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Publishers: Apple's iOS 5 Newsstand is a huge hit

updated 01:55 am EDT, Thu October 20, 2011

Downloads spiking, sales doubling

Publishers who jumped on board with Apple's Newsstand feature in iOS 5 are seeing big payoffs, with "sampler" issues experiencing a massive spike and sales jumping strongly forward as well. Exact Editions saw their sampler apps downloaded 14 times more often after Newsstand launched compared with how they were doing in the iBookStore before, and sales have doubled "across the board" according to co-founder Adam Hodgkin.

Another magazine publisher, Future Publishing, launched 65 digital editions of their titles, which range from knitting magazines to musician's trade mags, into the iTunes Store and Newsstand as apps and reported "exceptionally high levels of activity," showing five to seven times the number of downloads the company was seeing when its digital editions were only available on Zinio, a popular app that in some ways rivals Newsstand but allows publishers to keep more of the money from sales. Free sample versions of its titles were downloaded more than two million times over the weekend, and it said that it had sold more digital editions during the first four days of Newsstand than it normally sells in a month.

Exact Editions reports that some titles more than doubled their sales, shooting up 150 percent in purchases compared to pre-Newsstand. Hodgkin says "Apple seems to have got[ten] this exactly right," referring both to Newsstand and Apple's earlier introduction of in-app purchasing and auto-renewal subscriptions in iTunes apps. Future Publishing CEO Mark Wood said his company plans to include more sampler issues in the coming weeks along with more "bookazines and premium one-shot titles" (higher page-count editions that focus on a particular topic or event, such as the memorial issues that some magazines are doing on the death of Steve Jobs or "greatest hits" type collections of a magazine's history as examples).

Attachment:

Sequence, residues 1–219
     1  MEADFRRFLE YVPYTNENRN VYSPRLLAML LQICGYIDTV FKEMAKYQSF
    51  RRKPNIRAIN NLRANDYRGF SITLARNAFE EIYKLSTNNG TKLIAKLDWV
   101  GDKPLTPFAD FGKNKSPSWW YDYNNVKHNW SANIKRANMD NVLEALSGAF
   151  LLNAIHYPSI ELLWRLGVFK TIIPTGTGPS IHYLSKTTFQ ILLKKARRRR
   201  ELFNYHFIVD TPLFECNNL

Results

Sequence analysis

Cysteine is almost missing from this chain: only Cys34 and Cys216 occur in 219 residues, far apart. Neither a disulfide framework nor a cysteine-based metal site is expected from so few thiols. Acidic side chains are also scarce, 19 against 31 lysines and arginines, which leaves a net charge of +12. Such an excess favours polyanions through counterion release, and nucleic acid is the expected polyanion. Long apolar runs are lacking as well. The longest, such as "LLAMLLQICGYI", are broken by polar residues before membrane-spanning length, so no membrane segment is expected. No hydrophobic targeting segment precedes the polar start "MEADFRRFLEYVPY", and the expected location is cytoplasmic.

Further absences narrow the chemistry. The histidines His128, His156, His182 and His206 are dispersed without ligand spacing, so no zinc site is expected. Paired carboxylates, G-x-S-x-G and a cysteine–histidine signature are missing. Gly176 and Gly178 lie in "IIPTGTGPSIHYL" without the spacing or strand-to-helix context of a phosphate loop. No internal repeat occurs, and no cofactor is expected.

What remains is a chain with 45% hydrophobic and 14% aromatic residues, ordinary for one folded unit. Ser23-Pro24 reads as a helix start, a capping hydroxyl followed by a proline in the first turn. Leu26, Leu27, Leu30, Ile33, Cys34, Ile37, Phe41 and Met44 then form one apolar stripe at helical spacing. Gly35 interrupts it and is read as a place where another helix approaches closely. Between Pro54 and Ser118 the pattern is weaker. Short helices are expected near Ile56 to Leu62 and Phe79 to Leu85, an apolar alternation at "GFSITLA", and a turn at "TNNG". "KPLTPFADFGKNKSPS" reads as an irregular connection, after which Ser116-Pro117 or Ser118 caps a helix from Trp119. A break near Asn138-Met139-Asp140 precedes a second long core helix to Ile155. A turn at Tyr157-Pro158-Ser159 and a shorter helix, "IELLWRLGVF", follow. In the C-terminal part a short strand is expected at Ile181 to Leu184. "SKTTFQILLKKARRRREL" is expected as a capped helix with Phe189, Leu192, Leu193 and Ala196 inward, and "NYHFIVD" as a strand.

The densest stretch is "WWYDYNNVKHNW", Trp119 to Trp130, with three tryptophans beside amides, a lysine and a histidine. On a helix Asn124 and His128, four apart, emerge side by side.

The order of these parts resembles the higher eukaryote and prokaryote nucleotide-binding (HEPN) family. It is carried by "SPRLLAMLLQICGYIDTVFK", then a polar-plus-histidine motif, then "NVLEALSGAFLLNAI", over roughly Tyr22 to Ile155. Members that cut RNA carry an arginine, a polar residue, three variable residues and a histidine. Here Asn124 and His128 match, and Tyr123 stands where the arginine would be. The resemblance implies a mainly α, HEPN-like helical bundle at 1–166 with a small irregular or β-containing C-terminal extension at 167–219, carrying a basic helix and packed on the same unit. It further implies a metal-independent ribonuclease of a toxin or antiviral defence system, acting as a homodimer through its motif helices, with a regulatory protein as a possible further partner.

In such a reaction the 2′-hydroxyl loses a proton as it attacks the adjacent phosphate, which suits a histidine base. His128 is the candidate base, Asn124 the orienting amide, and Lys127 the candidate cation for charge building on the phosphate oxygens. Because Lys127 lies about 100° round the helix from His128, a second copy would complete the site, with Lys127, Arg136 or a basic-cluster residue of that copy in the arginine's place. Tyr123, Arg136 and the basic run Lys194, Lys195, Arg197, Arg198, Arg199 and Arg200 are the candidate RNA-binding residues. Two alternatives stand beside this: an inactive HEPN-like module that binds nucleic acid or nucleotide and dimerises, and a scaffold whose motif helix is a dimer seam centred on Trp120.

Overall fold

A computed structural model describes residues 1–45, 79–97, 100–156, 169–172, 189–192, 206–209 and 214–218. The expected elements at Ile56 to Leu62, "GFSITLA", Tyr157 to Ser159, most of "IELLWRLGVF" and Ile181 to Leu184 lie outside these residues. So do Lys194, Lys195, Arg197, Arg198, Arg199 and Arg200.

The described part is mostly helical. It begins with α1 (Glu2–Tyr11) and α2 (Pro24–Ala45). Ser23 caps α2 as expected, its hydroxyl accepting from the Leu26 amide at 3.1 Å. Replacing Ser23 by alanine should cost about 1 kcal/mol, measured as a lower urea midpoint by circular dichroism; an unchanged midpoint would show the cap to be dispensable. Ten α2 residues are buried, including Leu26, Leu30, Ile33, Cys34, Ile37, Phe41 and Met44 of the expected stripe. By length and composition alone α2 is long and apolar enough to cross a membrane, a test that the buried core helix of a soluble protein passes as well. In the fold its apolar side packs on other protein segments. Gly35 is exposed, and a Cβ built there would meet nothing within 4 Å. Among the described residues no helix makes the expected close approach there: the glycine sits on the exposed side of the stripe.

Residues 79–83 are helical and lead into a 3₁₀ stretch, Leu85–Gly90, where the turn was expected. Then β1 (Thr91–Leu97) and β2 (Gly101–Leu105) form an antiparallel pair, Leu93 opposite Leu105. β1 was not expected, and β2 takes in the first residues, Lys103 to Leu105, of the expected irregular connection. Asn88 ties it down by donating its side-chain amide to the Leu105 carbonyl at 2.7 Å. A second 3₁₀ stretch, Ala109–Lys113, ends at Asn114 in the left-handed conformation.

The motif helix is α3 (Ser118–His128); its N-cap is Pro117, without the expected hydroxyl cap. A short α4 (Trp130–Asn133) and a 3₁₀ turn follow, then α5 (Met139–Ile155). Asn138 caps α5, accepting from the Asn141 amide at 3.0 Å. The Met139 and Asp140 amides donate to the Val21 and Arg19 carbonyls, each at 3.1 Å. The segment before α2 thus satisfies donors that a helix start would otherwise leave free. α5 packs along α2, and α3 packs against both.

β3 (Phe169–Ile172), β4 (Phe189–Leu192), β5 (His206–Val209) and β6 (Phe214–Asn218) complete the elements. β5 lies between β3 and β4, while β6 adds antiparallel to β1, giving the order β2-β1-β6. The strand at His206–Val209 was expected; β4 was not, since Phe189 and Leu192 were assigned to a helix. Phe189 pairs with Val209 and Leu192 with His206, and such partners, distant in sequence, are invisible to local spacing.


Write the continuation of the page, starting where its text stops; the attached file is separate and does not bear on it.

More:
The introduction of in-app purchasing allowed magazines to make renewing subscriptions easy, which resulted in an 80 percent retention rate for Exact Editions. The publisher also credits Apple's relaxing of "over-restrictive" policies on subscription pricing outside of the App Store as key to helping more publishers get on-board. Although Apple does exact a 30 percent toll on revenue generated by App Store subscriptions, it does not stop publishers from offering subscriptions outside the app as long as they also offer the option of in-app purchasing and do not link to outside offers from within the app.

Exact Editons' other co-founder, Daryl Rayner, is equally enthusiastic about the future of digital magazines in and outside of Apple's eco-system, telling PaidContent that 85 percent of their customers are buying titles for their iPads and that "magazines with strong visual impact are doing particularly well ... [but] interestingly, the literary magazines are equally strong." While some magazine publishers have opted out of the App Store eco-system almost entirely -- generally less over Apple's 30 percent take as over its tight control of subscriber data -- Rayner and Hodgkin think the focus that Newsstand brings to periodicals "really could be the very best news for the digital magazine and newspaper industry." [via PaidContent]


Exact Editions' magazine download rates










by MacNN Staff

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Comments

  1. Athens

    Joined: Dec 1969

    +13

    To Much for Digital...

    Now imagine how much they would make if the publications where 99 cents. I would be buying a few of them often. But at 5.00+ a edition nope sorry.

  1. chas_m

    Moderator

    Joined: Dec 1969

    +1

    I disagree

    Why is "digital" less valuable than "paper" in your view?